We're in for another smoky day as backburning around the Liberation Trail fire west of Coffs continues.
Backburning preparation works to the north of Lowanna, west of Nana Glen and west/north west of Glenreagh are "putting a lot of smoke into the sky", the Mid North Coast RFS team said last night.
"This backburning will continue through into this evening and into tomorrow," they said. "The relatively still conditions mean that the smoke will be slow to move away."
The work is being done to make things as safe as possible before the next hot, dry, windy days.
As temperatures warm up today, a total fire ban has been issued for Far North Coast, North Coast, Greater Hunter, Greater Sydney Region, New England, Illawarra/Shoalhaven, Central Ranges and Northern Slopes.
Preliminary analysis of emergency department data shows that hospitals in the Mid North Coast have had 68 presentations to emergency departments for asthma or breathing problems over the last week, almost double the usual number.
"Smoke from the bushfires that have ravaged so much of NSW has led to a rise in people seeking help at public hospitals," NSW Health Director of Environmental Health Dr Richard Broome said.
"Air quality has been very poor, so this increase isn't unexpected. The good news is while the ED presentations have increased, the number of people requiring admission to hospital has remained about the same.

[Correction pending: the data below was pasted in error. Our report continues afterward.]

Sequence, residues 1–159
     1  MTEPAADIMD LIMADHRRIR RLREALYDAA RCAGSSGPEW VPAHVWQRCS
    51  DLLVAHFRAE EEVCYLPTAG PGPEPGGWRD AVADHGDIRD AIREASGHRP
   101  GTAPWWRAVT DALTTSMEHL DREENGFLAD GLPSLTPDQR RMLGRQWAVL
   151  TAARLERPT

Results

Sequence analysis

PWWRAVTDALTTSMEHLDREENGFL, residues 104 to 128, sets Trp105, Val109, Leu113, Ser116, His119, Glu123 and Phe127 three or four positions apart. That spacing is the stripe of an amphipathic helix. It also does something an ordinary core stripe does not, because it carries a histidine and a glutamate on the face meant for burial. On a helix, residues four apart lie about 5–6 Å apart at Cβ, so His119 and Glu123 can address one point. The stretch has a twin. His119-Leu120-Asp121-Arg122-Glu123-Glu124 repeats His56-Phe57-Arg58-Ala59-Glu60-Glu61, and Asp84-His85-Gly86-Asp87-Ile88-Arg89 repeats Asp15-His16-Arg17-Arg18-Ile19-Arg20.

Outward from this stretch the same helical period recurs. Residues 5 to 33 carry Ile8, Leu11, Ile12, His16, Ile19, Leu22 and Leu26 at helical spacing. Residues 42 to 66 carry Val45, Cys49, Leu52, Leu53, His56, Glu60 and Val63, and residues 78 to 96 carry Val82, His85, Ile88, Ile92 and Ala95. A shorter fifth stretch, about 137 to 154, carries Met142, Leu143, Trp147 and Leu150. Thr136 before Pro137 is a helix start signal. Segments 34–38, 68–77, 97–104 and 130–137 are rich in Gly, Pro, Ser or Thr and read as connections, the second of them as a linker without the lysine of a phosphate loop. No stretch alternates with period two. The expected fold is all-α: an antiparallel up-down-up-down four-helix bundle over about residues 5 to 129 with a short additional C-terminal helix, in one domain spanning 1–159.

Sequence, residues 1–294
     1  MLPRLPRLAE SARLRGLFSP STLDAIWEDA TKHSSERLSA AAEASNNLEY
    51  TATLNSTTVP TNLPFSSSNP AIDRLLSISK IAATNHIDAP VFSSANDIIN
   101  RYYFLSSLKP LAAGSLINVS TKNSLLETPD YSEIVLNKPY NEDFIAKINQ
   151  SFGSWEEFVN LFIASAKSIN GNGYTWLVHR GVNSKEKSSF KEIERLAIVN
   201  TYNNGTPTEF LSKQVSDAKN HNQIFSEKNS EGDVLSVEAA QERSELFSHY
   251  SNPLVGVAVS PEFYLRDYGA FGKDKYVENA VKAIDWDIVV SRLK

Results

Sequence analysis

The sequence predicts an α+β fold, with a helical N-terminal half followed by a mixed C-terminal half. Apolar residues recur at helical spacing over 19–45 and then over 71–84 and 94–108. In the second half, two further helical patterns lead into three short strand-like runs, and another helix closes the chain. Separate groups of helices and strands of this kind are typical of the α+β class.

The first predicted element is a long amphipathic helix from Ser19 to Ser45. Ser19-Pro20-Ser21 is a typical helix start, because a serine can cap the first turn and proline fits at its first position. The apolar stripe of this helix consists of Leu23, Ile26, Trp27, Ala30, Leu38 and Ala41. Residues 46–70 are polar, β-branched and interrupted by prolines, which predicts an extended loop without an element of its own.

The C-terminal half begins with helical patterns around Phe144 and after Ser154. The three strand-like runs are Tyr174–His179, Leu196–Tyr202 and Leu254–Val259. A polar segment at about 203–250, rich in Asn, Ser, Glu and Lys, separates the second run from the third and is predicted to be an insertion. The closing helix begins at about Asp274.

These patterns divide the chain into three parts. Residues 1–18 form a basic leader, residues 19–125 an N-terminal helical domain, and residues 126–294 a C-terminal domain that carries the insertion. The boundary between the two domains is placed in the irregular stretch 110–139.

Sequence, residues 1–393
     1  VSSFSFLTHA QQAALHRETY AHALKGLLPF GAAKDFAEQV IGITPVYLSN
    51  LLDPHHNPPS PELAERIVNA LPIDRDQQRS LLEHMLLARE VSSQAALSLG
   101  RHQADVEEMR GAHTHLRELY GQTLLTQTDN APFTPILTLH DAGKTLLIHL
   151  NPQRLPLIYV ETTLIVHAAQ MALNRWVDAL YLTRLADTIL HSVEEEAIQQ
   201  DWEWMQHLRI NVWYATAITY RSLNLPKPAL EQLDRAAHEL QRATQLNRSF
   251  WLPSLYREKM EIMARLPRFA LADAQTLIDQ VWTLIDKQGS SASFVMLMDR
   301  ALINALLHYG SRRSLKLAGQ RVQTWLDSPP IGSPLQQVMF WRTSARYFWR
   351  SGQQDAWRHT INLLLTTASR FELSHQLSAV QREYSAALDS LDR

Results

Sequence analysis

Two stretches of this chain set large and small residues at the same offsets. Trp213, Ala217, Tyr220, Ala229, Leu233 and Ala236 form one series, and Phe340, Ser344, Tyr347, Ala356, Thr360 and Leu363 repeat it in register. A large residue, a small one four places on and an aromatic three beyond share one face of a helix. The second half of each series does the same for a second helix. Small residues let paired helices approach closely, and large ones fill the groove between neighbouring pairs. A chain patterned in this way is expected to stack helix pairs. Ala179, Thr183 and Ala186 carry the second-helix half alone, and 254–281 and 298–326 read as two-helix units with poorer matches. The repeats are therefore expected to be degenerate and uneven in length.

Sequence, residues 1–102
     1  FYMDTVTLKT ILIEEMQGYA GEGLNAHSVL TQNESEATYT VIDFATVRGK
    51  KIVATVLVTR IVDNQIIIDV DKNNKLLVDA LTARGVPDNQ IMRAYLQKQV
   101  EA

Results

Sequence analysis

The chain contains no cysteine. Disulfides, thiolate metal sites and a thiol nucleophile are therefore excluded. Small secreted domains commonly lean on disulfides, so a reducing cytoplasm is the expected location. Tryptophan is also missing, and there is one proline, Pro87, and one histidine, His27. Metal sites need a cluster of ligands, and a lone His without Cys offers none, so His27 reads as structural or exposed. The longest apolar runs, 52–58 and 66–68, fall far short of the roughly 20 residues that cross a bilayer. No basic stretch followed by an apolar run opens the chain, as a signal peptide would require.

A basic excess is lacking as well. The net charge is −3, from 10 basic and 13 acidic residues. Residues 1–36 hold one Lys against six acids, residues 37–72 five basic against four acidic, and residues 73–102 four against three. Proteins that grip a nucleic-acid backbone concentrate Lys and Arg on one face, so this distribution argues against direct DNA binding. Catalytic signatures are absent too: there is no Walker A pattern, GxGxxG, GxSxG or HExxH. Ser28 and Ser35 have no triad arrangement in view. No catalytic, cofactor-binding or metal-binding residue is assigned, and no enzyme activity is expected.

"The increase in presentations is across all ages and it serves to reinforce the message that people with asthma and other respiratory problems should take care on smoky days. It shows that smoke from active and smoldering fires can have a real impact on people's health.
Dr Broome said the smoke might cause no more than eye or throat irritation for most people, but that those with known respiratory conditions, like asthma, need to be cautious when smoke is about.
"People with breathing conditions should avoid outdoor physical activity when there's smoke around and people with asthma should also follow their Asthma Action Plan and carry their relieving medication with them," he said. "If you're prescribed a preventer puffer, it's really important to be taking it at the moment."
"The best way to reduce exposure to smoke is to stay indoors with the doors and windows shut. Air conditioning can also help to filter particles from indoor air," Dr Broome said.
Dr Broome said despite the increase in ED presentations, NSW hospitals are well prepared to deal with emergency situations such as the bushfires, and there was still a long way to go this summer.
"These bushfires have been devastating, but they will not be the last fires in NSW over the coming months. Staying cautious in smoky conditions will continue to be the best way to stay safe."